Common Problems

by Don Friedman on January 18, 2018

The latest issue of the CROSS (Confidential Reporting on Structural-Safety) newsletter is out and I had a weird feeling of déjà vu while reading it. In the same order as within the newsletter, the topics include:

  • Commentary on the rather grim UK government review of fire safety triggered by the horrific Grenfell Tower fire,
  • Report 706 on fire safety in high-rise residential buildings,
  • Report 707 on the role of ductwork in fire safety in high-rise residential buildings,
  • Report 694 on unsafe balcony construction,
  • Report 693 on the stability of existing buildings adjacent to construction sites,
  • and Report 703 on inadequate design of residential buildings.

CROSS is UK-based and all or nearly all of the reports concern UK buildings. That said, the reports listed above look very familiar. For example, the fragmented responsibility for fire safety discussed in the first two points is a problem here and is a historical accident of the way buildings systems and their design have developed. For example, mechanical engineers design sprinkler systems, with input from architects on sprinkler head locations; architects specify fireproofing of steel structures, even though few architects are experts in this field; structural engineers design steel knowing it has to be fireproofed, but often without any knowledge of how the finishes will affect fireproofing.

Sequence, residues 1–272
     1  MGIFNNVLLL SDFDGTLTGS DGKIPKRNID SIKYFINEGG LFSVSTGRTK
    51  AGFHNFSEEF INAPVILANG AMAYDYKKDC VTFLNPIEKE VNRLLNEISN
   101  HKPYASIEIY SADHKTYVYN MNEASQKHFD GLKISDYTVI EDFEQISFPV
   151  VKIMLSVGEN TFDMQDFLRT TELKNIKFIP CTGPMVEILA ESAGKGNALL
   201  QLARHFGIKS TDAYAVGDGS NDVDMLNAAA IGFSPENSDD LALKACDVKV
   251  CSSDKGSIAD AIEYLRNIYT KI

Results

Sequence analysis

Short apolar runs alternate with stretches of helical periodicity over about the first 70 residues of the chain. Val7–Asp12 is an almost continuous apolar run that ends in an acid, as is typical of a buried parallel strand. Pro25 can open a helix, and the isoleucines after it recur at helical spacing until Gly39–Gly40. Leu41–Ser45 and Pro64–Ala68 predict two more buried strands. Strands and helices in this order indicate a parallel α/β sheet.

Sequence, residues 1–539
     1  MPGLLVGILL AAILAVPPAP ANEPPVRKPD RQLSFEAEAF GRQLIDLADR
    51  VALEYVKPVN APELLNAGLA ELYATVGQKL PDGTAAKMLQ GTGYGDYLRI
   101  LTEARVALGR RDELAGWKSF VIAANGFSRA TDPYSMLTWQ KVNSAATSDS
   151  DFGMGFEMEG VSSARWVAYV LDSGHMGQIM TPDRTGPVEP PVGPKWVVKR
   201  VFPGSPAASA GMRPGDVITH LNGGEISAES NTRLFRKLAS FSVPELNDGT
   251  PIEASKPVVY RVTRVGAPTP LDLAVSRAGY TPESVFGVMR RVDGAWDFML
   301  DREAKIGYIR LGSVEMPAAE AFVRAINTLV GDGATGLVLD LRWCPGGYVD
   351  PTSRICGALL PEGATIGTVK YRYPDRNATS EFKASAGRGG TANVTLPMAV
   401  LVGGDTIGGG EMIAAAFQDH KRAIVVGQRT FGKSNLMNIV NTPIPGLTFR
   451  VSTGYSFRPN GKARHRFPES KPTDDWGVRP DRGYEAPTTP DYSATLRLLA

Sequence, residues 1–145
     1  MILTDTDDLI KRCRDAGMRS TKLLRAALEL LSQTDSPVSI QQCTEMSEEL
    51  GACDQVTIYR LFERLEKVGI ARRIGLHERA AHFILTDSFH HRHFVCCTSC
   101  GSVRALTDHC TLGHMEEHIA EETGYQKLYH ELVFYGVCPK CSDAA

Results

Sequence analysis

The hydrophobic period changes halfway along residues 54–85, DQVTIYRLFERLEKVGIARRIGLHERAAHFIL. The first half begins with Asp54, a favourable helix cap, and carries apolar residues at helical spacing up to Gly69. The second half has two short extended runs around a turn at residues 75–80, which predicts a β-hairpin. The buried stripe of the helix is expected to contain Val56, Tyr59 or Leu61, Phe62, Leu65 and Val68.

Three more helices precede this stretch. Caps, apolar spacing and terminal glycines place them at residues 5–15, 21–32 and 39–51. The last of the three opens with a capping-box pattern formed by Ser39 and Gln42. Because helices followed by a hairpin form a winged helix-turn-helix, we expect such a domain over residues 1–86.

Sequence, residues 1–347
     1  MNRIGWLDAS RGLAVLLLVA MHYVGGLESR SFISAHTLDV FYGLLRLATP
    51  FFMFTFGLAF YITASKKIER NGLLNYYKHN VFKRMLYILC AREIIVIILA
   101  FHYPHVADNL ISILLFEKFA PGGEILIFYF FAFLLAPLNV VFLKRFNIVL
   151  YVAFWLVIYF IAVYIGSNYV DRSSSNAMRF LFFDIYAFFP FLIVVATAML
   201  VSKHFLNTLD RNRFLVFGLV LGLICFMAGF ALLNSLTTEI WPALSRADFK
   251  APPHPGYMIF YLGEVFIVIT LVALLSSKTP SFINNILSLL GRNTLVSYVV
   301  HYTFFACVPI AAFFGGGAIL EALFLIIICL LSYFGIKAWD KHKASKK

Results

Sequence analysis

The balcony issue relates to what is called in current US codes “special inspection:” the requirement that a competent third-party inspect the built product to see that it agrees with both the design and good practice. The adjacent-construction issue is one that has consumed more and more of our time over the last few years, as people building new buildings are finding that the have to take care of neighboring structures before things go wrong. And the fact that most small residential buildings get inadequate or no real structural design is not news.

The basics of how design and construction are organized are a historical accident and not necessarily very logical. We have a fragmented system, with multiple design firms and multiple subcontractors on the simplest projects. That’s not necessarily bad, but it does mean that we have to pay attention to the seams where different people’s work and different responsibilities meet.

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